Medford Neighborhood Overviews 08/07/2014 آ  Medford Neighborhood Overviews . WEST MEDFORD . West Medford

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  • Medford Neighborhood Overviews


    West Medford is located in the southwest corner of the city, having the Mystic River as its west and south boundary and Winthrop Street as its eastern limit. Its irregular northern boundary is defined by its separation from the Brooks Estate that, although geographically part of West Medford, developed much later as a residential neighborhood. The MTA commuter railroad bisects the area. The topography is flat in the section of the neighborhood on the west side of the railroad where wetlands along the Mystic River evidently were filled and leveled. The section east of the railroad is elevated on the north and low-lying on the south, where it meets the river, except for Rock Hill, a small hillock south of High Street.

    The area was the western part of the plantation granted Gov. Matthew Craddock in 1629. His great house and barn were located near the town green (now the site of City Hall). His holdings on the west side of Medford were later conveyed in two tracts, one on the east to John Hall and others and another on the west to Caleb Brooks and Timothy Wheeler. Numerous members of the Hall family built homes along Woburn Street; other homesteaders settled along High Street. As it is currently delineated, the West Medford neighborhood contains the earliest central place in the city, constituting the Marm Simond’s Hill Historic District on High Street between Woburn and Winthrop streets along what were old roads connecting to Arlington, Malden and Boston (High St.) and Woburn (Woburn St.). Medford’s first church was built here in the 17th century and a number of distinctive 18th-century houses survive on High Street. High Street continues to be a main inter-municipal thoroughfare (Rt. 60), while Woburn Street has been bypassed by Winthrop Street (Rt. 38; named Purchase Street in 1855), shifting the major intersection to Winthrop Square. A few farmhouses predating the railroad- era subdivisions can still be seen along Woburn Street. A fourth leg now leads south from the rotary there bridging the river and to the Mystic Valley Parkway.


    The neighborhood is now defined by an urban plan that was laid out shortly after the Boston & Lowell Railroad opened in 1835. A depot was established where the tracks crossed High Street leading to separate developments on either side of the tracks, with lots on the east side being smaller and denser than those on the west. A small commercial district began to develop immediately on High Street near the crossing, gradually expanding with the population. The Middlesex Canal had been routed through the western section, but made obsolete by the railroad, it was filled in and replaced with Boston Avenue. The plan depicted in 1855 survives essentially intact on the east side of the railroad, but the plan on the west side was revised by the time a new map was published in 1875; this revision was realized and largely exists today. Land east of Woburn Street remained in large residential tracts until the 20th century when they were developed in the period of the city’s most rapid expansion.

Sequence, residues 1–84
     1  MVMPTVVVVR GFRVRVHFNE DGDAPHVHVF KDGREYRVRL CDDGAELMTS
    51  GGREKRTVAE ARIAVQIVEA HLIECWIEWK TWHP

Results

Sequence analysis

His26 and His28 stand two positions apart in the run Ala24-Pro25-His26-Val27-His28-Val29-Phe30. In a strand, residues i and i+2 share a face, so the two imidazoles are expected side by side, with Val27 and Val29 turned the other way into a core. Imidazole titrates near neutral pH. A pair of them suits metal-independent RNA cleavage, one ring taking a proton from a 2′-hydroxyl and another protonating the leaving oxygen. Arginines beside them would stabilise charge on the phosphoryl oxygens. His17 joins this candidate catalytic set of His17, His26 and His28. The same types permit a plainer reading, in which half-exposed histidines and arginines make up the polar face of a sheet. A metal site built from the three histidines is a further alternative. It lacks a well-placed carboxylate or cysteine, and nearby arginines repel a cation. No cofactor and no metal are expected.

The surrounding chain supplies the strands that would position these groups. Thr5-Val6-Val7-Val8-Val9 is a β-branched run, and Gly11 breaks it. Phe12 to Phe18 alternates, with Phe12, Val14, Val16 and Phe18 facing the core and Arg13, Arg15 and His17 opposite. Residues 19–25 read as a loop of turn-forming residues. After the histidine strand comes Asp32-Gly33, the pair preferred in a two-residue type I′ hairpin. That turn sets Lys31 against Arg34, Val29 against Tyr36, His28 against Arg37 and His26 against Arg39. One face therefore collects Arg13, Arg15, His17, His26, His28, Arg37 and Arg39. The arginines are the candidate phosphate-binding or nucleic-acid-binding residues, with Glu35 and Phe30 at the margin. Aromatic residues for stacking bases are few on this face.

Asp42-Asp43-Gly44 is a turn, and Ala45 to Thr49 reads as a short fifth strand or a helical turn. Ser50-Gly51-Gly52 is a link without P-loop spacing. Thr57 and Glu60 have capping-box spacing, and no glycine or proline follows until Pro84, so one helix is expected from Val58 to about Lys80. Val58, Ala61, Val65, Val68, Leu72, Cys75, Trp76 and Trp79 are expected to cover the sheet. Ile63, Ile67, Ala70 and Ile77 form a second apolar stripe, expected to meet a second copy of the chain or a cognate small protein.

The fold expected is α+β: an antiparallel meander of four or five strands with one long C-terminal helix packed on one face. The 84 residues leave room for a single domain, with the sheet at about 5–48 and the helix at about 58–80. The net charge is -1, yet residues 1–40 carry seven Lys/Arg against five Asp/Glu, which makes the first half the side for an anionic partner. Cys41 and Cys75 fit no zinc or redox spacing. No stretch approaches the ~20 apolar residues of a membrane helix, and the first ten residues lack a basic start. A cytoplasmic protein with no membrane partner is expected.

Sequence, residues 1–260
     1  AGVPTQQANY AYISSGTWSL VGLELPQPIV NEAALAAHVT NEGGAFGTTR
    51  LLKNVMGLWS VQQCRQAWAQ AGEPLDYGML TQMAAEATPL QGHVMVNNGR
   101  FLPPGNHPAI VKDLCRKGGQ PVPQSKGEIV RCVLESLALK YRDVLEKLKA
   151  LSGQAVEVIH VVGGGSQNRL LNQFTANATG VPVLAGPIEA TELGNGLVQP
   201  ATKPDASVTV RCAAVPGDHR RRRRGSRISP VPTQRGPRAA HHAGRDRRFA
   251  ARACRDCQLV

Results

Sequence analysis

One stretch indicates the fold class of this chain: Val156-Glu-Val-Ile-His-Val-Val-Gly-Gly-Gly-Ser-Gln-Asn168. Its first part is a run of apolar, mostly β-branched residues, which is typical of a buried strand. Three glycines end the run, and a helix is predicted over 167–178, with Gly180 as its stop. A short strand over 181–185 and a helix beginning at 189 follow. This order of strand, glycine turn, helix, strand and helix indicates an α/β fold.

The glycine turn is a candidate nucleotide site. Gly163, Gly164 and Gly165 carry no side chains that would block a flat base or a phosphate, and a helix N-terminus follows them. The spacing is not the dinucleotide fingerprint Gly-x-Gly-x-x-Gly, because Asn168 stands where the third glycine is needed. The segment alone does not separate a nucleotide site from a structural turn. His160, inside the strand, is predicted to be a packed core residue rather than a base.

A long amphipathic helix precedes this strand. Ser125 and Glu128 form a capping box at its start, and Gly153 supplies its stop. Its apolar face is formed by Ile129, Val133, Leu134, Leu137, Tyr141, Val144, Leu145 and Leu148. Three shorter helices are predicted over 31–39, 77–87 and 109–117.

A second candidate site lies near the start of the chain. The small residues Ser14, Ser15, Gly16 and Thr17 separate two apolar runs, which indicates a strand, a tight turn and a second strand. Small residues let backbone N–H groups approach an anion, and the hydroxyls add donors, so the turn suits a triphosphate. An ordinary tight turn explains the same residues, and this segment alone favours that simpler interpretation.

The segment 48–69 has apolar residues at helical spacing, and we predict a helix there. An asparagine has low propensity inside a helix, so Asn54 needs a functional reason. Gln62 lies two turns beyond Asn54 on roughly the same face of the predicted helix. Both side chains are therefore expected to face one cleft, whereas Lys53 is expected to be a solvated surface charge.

Medford Community-Wide Survey Plan 103

  • Fig.1: Detail of 1855 Medford map with boundaries of West Medford neighborhood

    West Medford Neighborhood in 1855

    Roxbury merchant Thomas P. Smith purchased the land west of the railroad and east of the river from Gorham Brooks in 1850. He built a large house and “Mystic Hall” on High Street, the latter serving as the lyceum for Eliza Smith’s girls’ seminary. Smith’s plan for the development, named “Brooklands” is shown on the 1855 map. The resulting street plan does not fully mirror the current plan, having fewer streets and lots concentrated in the middle of the tract and deep parcels along the river that continued to contain marshland. Notable are the two small parks created at the northern and southern ends of the plan. Boston Avenue is mapped as the widest street and it flares out where it meets the river as if the dimensions still relate to the canal and a basin; a river crossing had yet to be built. Monument and Bower streets parallel Boston Avenue on the south and north, respectively, with Harvard Street the principal cross axis (Fig.1).

    The footprint of a large house is pictured on the southeast corner of Boston and Bower; the Italian villa now on Bower Street may be that building moved back when the Harvard Street frontage commercialized (Fig.2). The only other section where buildings are located is close to the river along Lowell (now Canal) Street. The names of carpenter Daniel Gunn and Thomas P. Smith are associated with two of them. Smith also owned the parcel located between the railroad and Canal Street, which has since developed commercially. Clergyman James M. Usher is shown owning a large lot north of High Street and east of the railroad; he would play a major role in the development of West Medford’s commercial core.